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27 March 2023 — SIDE EVENT AT UN GENEVA: Human Trafficking in Armed Conflicts and Post-Conflict Situations

27 March 2023 — SIDE EVENT AT UN GENEVA: Human Trafficking in Armed Conflicts and Post-Conflict Situations

Human Trafficking in Armed Conflicts and Post-Conflict Situations

27 March 2023

Concept note

Co-organisers: Caritas Internationalis, Secours Catholique — Caritas France, Sovereign Order of Malta, with the support of COATNET
Date: Monday 27 March
Duration: 1h 00 min. 11.00–12.00 (CET)
Location: Palais des Nations — United Nations, Geneva Room XXII

1) Rationale and objectives

Twen­ty-three years after the Unit­ed Nations Pro­to­col to Pre­vent, Sup­press and Pun­ish Traf­fick­ing in Per­sons, espe­cial­ly Women, and Chil­dren, the scourge of human traf­fick­ing is far from being defeat­ed. As stat­ed in the last UN Glob­al Report on Human Traf­fick­ing (2022) , every day in every coun­try, women, men, and chil­dren are exploit­ed and enslaved by traf­fick­ers in var­i­ous forms. Mil­lions of peo­ple have been left behind as crises have reversed hard-won devel­op­ment gains and result­ed in record dis­place­ment. UNODC reg­is­tered a decrease in 2020 in the num­ber of vic­tims detect­ed glob­al­ly due to pan­dem­ic-relat­ed restric­tions on move­ment and busi­ness oper­a­tions, which may have reduced some forms of track­ing, includ­ing track­ing for sex­u­al exploita­tion and cross-bor­der track­ing (main­ly in low- and mid­dle-income coun­tries). The num­ber of con­vic­tions for track­ing in per­sons in 2020 decreased by an alarm­ing 27 per­cent over 2019. The poor and the vul­ner­a­ble are most at risk. Glob­al­ly, over 70 per­cent of detect­ed vic­tims are women and girls, while near­ly one-third are children.

Exist­ing and emerg­ing war con­flicts (includ­ing, but not lim­it­ed to, Ukraine, Syr­ia, Yemen, Eritrea, and oth­ers) have led to a dra­mat­ic devel­op­ment of traf­fick­ing. In Europe, the war in Ukraine has con­tributed to reveal­ing this phe­nom­e­non in the coun­try itself, the bor­der coun­tries, and the host coun­tries of peo­ple flee­ing the fight­ing . Pre­vent­ing con­di­tions of traf­fick­ing of human beings in armed con­flicts and sup­port­ing the vic­tims is vital, whether it is sex­u­al exploita­tion (using rape as a weapon of war), the depor­ta­tion of chil­dren for adop­tion, the sale of babies, labor exploita­tion, coer­cion to com­mit crimes or beg­ging, or forced mar­riage under the pre­text of a bet­ter life. In the face of the hor­ror of war, men, women, and chil­dren are some­times exploit­ed to survive.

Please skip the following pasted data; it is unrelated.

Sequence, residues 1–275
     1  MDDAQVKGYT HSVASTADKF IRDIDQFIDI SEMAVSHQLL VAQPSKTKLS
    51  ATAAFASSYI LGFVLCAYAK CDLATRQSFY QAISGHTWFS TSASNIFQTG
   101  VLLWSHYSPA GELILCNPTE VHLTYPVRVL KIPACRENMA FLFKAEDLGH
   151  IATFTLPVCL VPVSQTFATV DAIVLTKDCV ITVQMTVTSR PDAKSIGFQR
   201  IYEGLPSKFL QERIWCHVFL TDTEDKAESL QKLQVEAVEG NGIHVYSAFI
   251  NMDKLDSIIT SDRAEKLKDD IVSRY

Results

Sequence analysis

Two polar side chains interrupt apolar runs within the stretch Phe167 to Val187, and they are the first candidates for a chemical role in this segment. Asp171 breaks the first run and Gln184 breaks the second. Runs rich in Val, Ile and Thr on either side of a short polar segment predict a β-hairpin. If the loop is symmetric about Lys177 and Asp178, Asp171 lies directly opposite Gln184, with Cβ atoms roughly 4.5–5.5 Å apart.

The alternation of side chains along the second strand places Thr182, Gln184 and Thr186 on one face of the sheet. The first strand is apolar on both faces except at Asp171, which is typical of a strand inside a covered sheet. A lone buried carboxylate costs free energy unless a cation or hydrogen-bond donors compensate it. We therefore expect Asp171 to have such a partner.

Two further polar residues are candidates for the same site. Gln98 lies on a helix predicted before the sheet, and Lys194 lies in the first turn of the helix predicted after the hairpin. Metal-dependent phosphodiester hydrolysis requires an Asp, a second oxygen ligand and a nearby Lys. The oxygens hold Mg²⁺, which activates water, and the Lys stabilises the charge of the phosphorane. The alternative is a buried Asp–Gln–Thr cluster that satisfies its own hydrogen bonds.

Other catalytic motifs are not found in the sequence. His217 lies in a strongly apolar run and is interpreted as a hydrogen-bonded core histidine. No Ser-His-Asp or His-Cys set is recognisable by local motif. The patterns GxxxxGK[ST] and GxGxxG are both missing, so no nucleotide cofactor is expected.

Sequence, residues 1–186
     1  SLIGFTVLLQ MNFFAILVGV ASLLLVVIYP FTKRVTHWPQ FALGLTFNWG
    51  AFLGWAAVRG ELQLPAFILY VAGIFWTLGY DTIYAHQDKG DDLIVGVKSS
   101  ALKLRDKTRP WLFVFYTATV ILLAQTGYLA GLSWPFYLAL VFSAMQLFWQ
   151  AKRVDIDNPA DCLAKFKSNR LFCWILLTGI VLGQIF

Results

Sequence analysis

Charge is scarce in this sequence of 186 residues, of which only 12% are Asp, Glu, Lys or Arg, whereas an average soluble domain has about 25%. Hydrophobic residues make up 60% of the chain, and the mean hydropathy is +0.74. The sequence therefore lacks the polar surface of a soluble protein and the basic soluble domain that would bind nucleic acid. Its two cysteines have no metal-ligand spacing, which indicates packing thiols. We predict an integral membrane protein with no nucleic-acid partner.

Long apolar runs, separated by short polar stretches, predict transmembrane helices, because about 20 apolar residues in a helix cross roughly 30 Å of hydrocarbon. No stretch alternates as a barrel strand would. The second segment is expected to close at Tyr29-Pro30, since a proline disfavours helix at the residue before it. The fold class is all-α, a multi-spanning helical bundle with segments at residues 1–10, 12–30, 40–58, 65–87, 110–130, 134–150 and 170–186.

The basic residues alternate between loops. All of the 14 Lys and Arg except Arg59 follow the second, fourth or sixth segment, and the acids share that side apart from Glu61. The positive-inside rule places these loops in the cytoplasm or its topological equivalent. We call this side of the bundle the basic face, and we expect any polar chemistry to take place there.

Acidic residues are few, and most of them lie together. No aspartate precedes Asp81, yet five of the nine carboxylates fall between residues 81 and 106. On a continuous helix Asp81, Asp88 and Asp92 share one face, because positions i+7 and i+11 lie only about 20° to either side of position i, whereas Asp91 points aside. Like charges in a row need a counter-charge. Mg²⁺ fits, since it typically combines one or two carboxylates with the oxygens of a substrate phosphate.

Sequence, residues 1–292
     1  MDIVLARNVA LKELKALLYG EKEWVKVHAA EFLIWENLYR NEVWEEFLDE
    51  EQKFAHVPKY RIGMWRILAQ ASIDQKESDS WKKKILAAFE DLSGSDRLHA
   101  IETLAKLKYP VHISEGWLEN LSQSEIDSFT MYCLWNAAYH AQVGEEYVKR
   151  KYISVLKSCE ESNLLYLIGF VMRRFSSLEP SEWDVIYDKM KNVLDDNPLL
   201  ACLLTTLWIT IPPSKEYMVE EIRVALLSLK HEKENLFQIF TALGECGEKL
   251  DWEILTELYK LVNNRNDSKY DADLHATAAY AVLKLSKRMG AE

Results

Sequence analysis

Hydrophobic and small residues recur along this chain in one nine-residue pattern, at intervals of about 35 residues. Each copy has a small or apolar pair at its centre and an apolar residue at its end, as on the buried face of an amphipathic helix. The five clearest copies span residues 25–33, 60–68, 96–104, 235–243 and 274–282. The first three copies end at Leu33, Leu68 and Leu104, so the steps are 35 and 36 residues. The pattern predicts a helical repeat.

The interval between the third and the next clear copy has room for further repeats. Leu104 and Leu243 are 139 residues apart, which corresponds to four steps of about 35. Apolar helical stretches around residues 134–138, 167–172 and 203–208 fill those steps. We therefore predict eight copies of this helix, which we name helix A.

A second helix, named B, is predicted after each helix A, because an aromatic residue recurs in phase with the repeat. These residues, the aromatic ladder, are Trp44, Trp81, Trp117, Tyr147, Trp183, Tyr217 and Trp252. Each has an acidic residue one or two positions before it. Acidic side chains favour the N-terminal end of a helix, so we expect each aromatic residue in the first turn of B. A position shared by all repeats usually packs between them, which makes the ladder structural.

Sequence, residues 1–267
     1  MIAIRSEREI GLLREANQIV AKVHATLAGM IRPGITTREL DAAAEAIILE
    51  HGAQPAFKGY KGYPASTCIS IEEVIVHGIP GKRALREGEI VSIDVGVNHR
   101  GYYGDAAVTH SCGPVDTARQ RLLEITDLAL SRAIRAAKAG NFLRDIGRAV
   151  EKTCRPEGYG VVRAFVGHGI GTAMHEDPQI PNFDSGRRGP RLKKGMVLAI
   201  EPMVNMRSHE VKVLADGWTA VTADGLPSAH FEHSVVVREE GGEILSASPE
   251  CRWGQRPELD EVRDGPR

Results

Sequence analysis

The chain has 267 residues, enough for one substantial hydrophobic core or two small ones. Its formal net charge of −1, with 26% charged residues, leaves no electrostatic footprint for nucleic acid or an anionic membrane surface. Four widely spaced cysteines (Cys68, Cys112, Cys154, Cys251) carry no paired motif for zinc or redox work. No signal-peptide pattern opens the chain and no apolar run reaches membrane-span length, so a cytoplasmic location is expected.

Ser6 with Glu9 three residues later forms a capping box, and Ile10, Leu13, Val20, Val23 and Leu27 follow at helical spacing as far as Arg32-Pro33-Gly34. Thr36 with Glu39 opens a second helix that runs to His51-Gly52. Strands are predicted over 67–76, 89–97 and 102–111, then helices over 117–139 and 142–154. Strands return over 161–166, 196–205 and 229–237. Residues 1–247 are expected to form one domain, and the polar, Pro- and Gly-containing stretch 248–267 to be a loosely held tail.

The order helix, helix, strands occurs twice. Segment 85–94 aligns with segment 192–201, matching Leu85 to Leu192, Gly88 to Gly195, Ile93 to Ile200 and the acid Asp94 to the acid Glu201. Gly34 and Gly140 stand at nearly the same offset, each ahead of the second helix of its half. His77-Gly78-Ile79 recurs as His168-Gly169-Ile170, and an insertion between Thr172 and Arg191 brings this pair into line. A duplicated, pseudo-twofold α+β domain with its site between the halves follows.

Despite this grave vio­la­tion of human rights, human traf­fick­ing in con­flict and post-con­flict sit­u­a­tions is a top­ic on which lit­tle research has been con­duct­ed and is rarely addressed by actors sup­port­ing dis­placed per­sons and/or refugees. Emer­gency aid pro­grams, both dur­ing con­flict and in sup­port of exiled peo­ple, still do too lit­tle to address exploita­tion or the pres­ence of vul­ner­a­ble groups, such as chil­dren with­out fam­i­ly guardian­ship, unac­com­pa­nied women, or per­se­cut­ed minori­ties. Accord­ing to orga­ni­za­tions work­ing on the ground, due to the pro­lif­er­a­tion of armed con­flicts around the world (Mid­dle East, Ukraine, Africa, etc.), main­ly affect­ing civil­ians and result­ing in unprece­dent­ed num­bers of dis­placed per­sons and refugees, traf­fick­ing and exploita­tion of human beings seem to be increas­ing­ly in the fore­ground. If these prob­lems are not addressed, the phe­nom­e­non may become per­ma­nent­ly entrenched in coun­tries under recon­struc­tion after armed con­flict .